Partisan divide over economy grows, but Americans more worried about their health: Exclusive poll
Americans see the coronavirus pandemic primarily as a health crisis rather than a financial one, but the government’s role in fixing economic fallout is an increasingly political issue, a new poll has found.
The Public Agenda/USA TODAY/Ipsos poll released Friday found Americans see the crisis as a bigger threat to their physical health than to their mental health or financial well-being.
Most of those surveyed support a slow easing of social distancing restrictions aimed at saving lives and slowing the virus’ spread like Eva Coffee who lives in Booneville, Arkansas. She said many people in her family including her 90-year-old mother have pre-existing conditions and she worries they won’t survive if they get COVID-19.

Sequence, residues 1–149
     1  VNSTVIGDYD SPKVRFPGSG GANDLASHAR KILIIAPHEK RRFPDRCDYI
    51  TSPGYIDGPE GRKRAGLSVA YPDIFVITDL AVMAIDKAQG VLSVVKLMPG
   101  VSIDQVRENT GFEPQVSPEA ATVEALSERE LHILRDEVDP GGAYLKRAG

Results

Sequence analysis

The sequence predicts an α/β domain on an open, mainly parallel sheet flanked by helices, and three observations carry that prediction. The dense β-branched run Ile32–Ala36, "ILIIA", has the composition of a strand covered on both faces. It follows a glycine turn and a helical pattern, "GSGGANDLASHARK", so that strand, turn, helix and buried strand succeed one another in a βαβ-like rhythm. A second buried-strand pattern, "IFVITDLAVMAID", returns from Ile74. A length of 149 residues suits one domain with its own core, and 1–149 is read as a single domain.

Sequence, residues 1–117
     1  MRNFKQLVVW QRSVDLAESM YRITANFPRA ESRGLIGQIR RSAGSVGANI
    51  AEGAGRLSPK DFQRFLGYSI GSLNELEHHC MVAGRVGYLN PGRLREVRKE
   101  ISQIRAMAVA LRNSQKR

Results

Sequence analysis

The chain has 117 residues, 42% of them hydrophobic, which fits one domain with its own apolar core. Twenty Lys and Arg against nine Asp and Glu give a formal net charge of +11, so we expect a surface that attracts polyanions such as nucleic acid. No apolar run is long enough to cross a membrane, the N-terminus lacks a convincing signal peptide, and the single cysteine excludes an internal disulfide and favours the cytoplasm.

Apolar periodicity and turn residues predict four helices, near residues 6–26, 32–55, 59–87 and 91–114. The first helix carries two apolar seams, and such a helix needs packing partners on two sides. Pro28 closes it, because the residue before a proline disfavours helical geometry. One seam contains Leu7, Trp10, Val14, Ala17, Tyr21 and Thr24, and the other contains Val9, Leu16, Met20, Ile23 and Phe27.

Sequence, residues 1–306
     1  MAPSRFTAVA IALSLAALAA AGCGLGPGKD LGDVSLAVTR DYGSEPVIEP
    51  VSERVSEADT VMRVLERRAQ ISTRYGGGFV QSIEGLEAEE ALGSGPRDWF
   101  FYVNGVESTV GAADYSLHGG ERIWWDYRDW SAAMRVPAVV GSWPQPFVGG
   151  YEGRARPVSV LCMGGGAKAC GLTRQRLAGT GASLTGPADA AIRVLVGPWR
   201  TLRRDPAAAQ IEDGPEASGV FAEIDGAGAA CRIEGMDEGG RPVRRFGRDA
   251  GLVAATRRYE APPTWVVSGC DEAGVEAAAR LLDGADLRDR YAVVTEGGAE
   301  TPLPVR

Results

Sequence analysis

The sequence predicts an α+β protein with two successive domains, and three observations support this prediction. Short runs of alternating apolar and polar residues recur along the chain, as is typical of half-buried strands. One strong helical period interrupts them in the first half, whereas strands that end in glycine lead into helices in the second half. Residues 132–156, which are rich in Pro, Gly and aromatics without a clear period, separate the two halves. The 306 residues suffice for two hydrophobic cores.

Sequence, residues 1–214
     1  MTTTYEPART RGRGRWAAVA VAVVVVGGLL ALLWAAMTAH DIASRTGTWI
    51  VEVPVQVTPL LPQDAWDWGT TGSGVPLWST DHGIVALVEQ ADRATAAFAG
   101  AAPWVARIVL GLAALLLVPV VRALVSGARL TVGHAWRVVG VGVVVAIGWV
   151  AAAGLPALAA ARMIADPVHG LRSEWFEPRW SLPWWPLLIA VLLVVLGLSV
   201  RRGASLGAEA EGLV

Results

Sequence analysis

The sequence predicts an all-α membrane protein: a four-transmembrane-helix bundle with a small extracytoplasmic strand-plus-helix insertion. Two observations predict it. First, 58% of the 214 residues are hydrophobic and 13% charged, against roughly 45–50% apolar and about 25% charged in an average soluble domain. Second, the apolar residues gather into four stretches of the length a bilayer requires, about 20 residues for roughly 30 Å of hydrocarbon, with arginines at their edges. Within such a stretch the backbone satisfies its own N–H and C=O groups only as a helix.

“It’s a lot more important to protect people’s health,” said Coffee, 63, who is an Independent. “If there’s not people then the economy’s going to die anyway.”
Still, disagreement over the governments’ priorities has grown since a survey in late March. There’s a growing number of Americans who believe economic recovery should be the government’s top priority – a shift primarily led by Republicans.
“They should prioritize the economy because if they don’t there will be no country,” said Long Island resident Joe Patatino, 79, who identifies as politically conservative.
The poll, conducted May 22-26 on behalf of Public Agenda and USA TODAY, surveyed about 1,000 U.S. adults as a part of the Hidden Common Ground initiative, which aims to examine issues that divide America and potential solutions. The online poll has a credibility interval, akin to a margin of error, of plus or minus 3.5 percentage points.
Here are four key takeaways from the survey:
Growing number of Republicans say economy should be top priority
Most Americans (62%) believe the government’s priority should be preventing the virus from spreading, but that number has dropped 10 percentage points from a March survey. The share of Republicans who said the government should prioritize keeping the virus from spreading fell dramatically from 64% in March to 41% in May, while the number of Democrats remained stable.